I just got back from the annual NCWIT Summit, in NYC. Carleton recently became a member of NCWIT’s Academic Alliance (yay!), and one of the
perks responsibilities of membership is attending the annual summit. The summit is a chance for the members of all the alliances (academic, entrepeneur, workforce, K-12, etc) to get together, network, share best practices…and hear fabulous speakers.
This year one of the speakers was Joshua Aronson, who’s done a ton of excellent work on stereotype threat. (He and Claude Steele coauthored the original, seminal paper on stereotype threat.) The talk was excellent—he had a lot of great anecdotes (and is a good storyteller) and ended with some hopeful and promising ideas for mitigating stereotype threat.
However, he told one story that, frankly, still infuriates me.
In 2004, Stricker and Ward wrote a paper on a study sponsored by ETS, the company that is responsible for the AP exams. The study tested whether moving the usual questions on gender, race, etc. to the end of the AP AB Calculus exam, after the students finished answering the questions, would raise the scores of underrepresented groups on this exam, instead of asking these questions before the exam. The idea is that if stereotype threat was an issue, then moving the questions on race and gender to the end of the exam should have a positive effect on test scores of those most likely to be affected by stereotype threat. The study found no statistically significant difference in scores.
In 2008, Danaher and Crandall reexamined the study’s data, and found quite different results. They found that the criterion applied in the original analysis was too conservative. Changing the timing of the question in fact had a great effect on women’s performance, and that as a result 4700 more women would have earned scores high enough to earn placement credit for AB calculus.
Now, you would think that the ETS would have a vested interest in making these tests as fair and equitable as possible. After all, these tests are supposed to test knowledge about a subject, so why wouldn’t we want to make the test conditions as fair and unbiased as possible? So why not move the questions on demographics to the end of the exam, especially if there’s no good reason why they have to be asked at the beginning (and many reasons why they shouldn’t be asked at the beginning)? But even today, ETS has failed to make this simple change in the exam.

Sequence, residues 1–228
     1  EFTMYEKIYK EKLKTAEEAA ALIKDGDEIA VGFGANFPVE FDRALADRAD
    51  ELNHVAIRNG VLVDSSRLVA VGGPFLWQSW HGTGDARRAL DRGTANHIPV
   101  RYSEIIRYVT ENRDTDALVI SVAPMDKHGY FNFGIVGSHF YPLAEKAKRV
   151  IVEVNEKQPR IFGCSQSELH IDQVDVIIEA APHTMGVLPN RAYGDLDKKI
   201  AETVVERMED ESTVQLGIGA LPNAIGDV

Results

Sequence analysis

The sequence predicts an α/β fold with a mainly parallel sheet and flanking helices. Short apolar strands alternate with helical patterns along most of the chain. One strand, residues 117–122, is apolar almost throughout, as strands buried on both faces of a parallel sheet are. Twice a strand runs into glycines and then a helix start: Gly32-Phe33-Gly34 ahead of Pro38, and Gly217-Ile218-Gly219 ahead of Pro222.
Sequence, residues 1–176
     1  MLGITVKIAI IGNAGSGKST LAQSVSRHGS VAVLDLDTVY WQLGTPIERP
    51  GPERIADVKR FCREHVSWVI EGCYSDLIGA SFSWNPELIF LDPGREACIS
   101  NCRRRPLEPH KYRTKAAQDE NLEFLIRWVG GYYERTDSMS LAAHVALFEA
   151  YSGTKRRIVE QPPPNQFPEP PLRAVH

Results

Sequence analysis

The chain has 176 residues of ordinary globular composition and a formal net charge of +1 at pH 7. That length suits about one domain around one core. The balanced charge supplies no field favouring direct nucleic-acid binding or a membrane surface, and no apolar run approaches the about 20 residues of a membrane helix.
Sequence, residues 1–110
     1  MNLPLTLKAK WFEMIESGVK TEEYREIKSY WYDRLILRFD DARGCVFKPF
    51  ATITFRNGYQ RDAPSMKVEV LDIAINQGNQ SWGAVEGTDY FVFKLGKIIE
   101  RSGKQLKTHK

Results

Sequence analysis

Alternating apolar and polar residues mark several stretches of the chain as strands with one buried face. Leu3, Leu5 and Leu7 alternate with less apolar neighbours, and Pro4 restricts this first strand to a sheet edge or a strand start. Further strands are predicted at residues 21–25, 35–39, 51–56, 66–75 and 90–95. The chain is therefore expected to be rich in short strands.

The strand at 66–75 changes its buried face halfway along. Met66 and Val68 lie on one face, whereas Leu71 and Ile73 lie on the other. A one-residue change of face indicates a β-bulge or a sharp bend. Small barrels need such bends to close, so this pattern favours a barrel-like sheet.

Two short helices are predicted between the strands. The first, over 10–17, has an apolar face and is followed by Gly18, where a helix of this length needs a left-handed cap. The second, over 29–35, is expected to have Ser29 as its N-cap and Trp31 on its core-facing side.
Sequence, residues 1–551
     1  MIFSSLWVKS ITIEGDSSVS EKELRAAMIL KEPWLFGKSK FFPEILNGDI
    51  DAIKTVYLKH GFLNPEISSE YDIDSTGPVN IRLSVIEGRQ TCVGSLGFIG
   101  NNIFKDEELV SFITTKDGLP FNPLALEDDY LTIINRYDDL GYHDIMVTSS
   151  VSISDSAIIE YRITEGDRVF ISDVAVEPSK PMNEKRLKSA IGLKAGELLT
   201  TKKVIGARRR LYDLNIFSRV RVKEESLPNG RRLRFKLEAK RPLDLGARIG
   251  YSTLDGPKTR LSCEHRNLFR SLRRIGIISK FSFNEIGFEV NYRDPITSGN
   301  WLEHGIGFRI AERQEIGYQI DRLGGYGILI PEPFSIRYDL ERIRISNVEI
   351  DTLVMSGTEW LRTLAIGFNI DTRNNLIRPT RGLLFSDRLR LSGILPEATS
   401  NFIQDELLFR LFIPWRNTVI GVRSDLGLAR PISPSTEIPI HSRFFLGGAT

One of the messages/themes of the summit this year (and maybe in most years—this is only my second year attending) is “small changes count too”. One or more speakers explicitly mentioned that a small deed is better than no deed, or that small deeds start change, or some variation of this message. Changing the timing of the gender/race questions is a small deed. At worst, it has no effect on scores. At best, it can have an important and measurable effect on reducing stereotype threat.
So why not make the change, ETS? You’ve got so little to lose and so much to gain. As an organization invested in having more students participate in AP examinations and AP courses, why not also invest in a change that will possibly remove some subtle, unconscious, but real barriers to the demonstration of knowledge? What good is having more people at the table if those people aren’t performing up to their best level—particularly when you can make a change that might very well remove this performance barrier?
Why not, ETS?
Steele, Claude M.; Aronson, Joshua (1995), Stereotype threat and the intellectual test performance of African Americans. Journal of Personality and Social Psychology 69 (5): 797–811.
Stricker, L. J. and Ward, W. C. (2004), Stereotype Threat, Inquiring About Test Takers’ Ethnicity and Gender, and Standardized Test Performance. Journal of Applied Social Psychology, 34: 665–693.
Danaher, K. and Crandall, C. S. (2008), Stereotype Threat in Applied Settings Re-Examined. Journal of Applied Social Psychology, 38: 1639–1655.